Notice the negative value of the standard cell potential indicates the process is not spontaneous under standard conditions. Substitution of the Nernst equation terms for the nonstandard conditions yields:

$$\begin{array}{ccc}\hfill Q& =\hfill & \frac{{[\text{Co}}^{\mathrm{2+}}]}{{[\text{Fe}}^{\mathrm{2+}}]}\phantom{\rule{0.2em}{0ex}}=\phantom{\rule{0.2em}{0ex}}\frac{0.15\phantom{\rule{0.2em}{0ex}}M}{1.94\phantom{\rule{0.2em}{0ex}}M}\phantom{\rule{0.2em}{0ex}}=0.077\hfill \\ \hfill {E}_{\text{cell}}& =\hfill & {E}_{\text{cell}}^{\xb0}-\phantom{\rule{0.2em}{0ex}}\frac{\mathrm{0.0592\; V}}{n}\phantom{\rule{0.4em}{0ex}}\text{log}\phantom{\rule{0.2em}{0ex}}Q\hfill \\ \hfill {E}_{\text{cell}}& =\hfill & \mathrm{-0.1}\text{7 V}-\phantom{\rule{0.2em}{0ex}}\frac{\mathrm{0.0592\; V}}{2}\phantom{\rule{0.4em}{0ex}}\text{log}\phantom{\rule{0.2em}{0ex}}0.077\hfill \\ \hfill {E}_{\text{cell}}& =\hfill & \text{\u22120.17 V}+\mathrm{0.033\; V}=\mathrm{-0.14\; V}\hfill \end{array}$$

The cell potential remains negative (slightly) under the specified conditions, and so the reaction remains nonspontaneous.

$$\text{Al}(s)\u2502{\text{Al}}^{\mathrm{3+}}(aq,\phantom{\rule{0.2em}{0ex}}0.15\phantom{\rule{0.2em}{0ex}}M)\u2551{\text{Cu}}^{\mathrm{2+}}(aq,\phantom{\rule{0.2em}{0ex}}0.025\phantom{\rule{0.2em}{0ex}}M)\u2502\text{Cu}(s)$$

*n* = 6; *Q* = 1440; *E*_{cell} = +1.97 V, spontaneous.

A concentration cell is constructed by connecting two nearly identical half-cells, each based on the same half-reaction and using the same electrode, varying only in the concentration of one redox species. The potential of a concentration cell, therefore, is determined only by the difference in concentration of the chosen redox species. The example problem below illustrates the use of the Nernst equation in calculations involving concentration cells.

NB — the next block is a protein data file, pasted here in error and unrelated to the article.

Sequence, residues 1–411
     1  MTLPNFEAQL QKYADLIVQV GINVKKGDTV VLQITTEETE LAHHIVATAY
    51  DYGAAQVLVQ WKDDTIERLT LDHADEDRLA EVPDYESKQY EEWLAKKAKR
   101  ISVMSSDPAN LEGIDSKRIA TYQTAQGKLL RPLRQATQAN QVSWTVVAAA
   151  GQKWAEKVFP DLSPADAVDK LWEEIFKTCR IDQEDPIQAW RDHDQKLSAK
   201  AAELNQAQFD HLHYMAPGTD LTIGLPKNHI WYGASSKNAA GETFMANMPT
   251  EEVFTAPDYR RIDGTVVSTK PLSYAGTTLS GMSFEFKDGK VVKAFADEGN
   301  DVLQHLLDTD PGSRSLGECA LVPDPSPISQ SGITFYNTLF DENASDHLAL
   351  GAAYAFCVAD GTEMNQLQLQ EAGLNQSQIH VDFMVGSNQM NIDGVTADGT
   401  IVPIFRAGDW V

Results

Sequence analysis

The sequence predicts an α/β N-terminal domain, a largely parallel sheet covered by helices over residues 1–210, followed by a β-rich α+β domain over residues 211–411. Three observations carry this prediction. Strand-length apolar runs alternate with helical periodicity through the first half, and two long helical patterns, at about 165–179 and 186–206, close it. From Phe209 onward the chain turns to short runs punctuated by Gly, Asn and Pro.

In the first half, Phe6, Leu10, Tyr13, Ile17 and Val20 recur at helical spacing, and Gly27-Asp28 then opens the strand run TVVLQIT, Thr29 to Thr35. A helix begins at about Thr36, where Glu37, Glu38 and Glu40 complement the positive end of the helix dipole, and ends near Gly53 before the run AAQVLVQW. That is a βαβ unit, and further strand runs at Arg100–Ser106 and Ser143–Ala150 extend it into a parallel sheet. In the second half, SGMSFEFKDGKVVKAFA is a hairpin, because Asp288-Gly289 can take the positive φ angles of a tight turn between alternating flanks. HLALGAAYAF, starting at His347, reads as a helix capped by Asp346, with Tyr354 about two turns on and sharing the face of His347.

$$\text{Zn}(s)\u2502{\text{Zn}}^{\mathrm{2+}}(aq\text{, 0.10}\phantom{\rule{0.2em}{0ex}}M)\u2551{\text{Zn}}^{\mathrm{2+}}(aq\text{, 0.50}\phantom{\rule{0.2em}{0ex}}M)\u2502\text{Zn}(s)$$

$$\begin{array}{}\\ \underset{\xaf}{\begin{array}{ccccccccc}\text{Anode:}\hfill & & & \text{Zn}(s)\phantom{\rule{0.2em}{0ex}}\u27f6\phantom{\rule{0.2em}{0ex}}{\text{Zn}}^{\mathrm{2+}}(aq\text{, 0.10}\phantom{\rule{0.2em}{0ex}}M)+{\text{2e}}^{\text{\u2212}}\hfill & & & \hfill {E}_{\text{anode}}^{\xb0}& =\hfill & \text{\u22120.7618 V}\hfill \\ \text{Cathode:}\hfill & & & {\text{Zn}}^{\mathrm{2+}}(aq\text{, 0.50}\phantom{\rule{0.2em}{0ex}}M)+{\text{2e}}^{\text{\u2212}}\phantom{\rule{0.2em}{0ex}}\u27f6\phantom{\rule{0.2em}{0ex}}\text{Zn}(s)\hfill & & & \hfill {E}_{\text{cathode}}^{\xb0}& =\hfill & \text{\u22120.7618 V}\hfill \end{array}}\hfill \\ \begin{array}{ccccccccc}\text{Overall:}\hfill & & & {\text{Zn}}^{\mathrm{2+}}(aq\text{, 0.50}\phantom{\rule{0.2em}{0ex}}M)\phantom{\rule{0.2em}{0ex}}\u27f6\phantom{\rule{0.2em}{0ex}}{\text{Zn}}^{\mathrm{2+}}(aq\text{, 0.10}\phantom{\rule{0.2em}{0ex}}M)\hfill & & & \hfill {E}_{\text{cell}}^{\xb0}& =\hfill & \text{0.000 V}\hfill \end{array}\hfill \end{array}$$

Substituting into the Nernst equation,

$${E}_{\text{cell}}=\text{0.000 V}-\phantom{\rule{0.2em}{0ex}}\frac{\text{0.0592 V}}{2}\phantom{\rule{0.4em}{0ex}}\text{log}\phantom{\rule{0.4em}{0ex}}\frac{0.10}{0.50}\phantom{\rule{0.2em}{0ex}}=\mathrm{+0.021\; V}$$

The positive value for cell potential indicates the overall cell reaction (see above) is spontaneous. This spontaneous reaction is one in which the zinc ion concentration in the cathode falls (it is reduced to elemental zinc) while that in the anode rises (it is produced by oxidation of the zinc anode). A greater driving force for zinc reduction is present in the cathode, where the zinc(II) ion concentration is greater (*E*_{cathode} > *E*_{anode}).

*E*_{cell} = 0.000 V; [Zn^{2+}]_{cathode} = [Zn^{2+}]_{anode} = 0.30 *M*

Previous Citation(s)

Flowers, P., et al. (2019). Chemistry: Atoms First 2e. https://openstax.org/details/books/chemistry-atoms-first-2e (16.4)